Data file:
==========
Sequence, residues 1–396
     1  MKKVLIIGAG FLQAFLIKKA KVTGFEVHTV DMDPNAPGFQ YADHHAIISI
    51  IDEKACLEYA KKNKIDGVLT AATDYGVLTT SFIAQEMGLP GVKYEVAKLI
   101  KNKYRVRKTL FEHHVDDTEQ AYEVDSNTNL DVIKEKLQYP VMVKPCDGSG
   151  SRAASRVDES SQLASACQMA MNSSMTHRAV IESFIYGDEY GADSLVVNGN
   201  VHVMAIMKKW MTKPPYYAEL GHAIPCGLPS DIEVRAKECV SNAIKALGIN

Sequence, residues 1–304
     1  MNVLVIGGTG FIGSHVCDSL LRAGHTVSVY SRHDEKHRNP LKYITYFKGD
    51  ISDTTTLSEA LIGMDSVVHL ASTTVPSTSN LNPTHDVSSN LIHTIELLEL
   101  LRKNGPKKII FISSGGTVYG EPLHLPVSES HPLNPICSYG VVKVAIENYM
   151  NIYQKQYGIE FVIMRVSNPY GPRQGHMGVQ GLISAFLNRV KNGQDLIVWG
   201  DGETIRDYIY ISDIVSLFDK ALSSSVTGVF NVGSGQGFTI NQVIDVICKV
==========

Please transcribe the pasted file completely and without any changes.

Sequence, residues 1–396
     1  MKKVLIIGAG FLQAFLIKKA KVTGFEVHTV DMDPNAPGFQ YADHHAIISI
    51  IDEKACLEYA KKNKIDGVLT AATDYGVLTT SFIAQEMGLP GVKYEVAKLI
   101  KNKYRVRKTL FEHHVDDTEQ AYEVDSNTNL DVIKEKLQYP VMVKPCDGSG
   151  SRAASRVDES SQLASACQMA MNSSMTHRAV IESFIYGDEY GADSLVVNGN
   201  VHVMAIMKKW MTKPPYYAEL GHAIPCGLPS DIEVRAKECV SNAIKALGIN

Sequence, residues 1–304
     1  MNVLVIGGTG FIGSHVCDSL LRAGHTVSVY SRHDEKHRNP LKYITYFKGD
    51  ISDTTTLSEA LIGMDSVVHL ASTTVPSTSN LNPTHDVSSN LIHTIELLEL
   101  LRKNGPKKII FISSGGTVYG EPLHLPVSES HPLNPICSYG VVKVAIENYM
   151  NIYQKQYGIE FVIMRVSNPY GPRQGHMGVQ GLISAFLNRV KNGQDLIVWG
   201  DGETIRDYIY ISDIVSLFDK ALSSSVTGVF NVGSGQGFTI NQVIDVICKV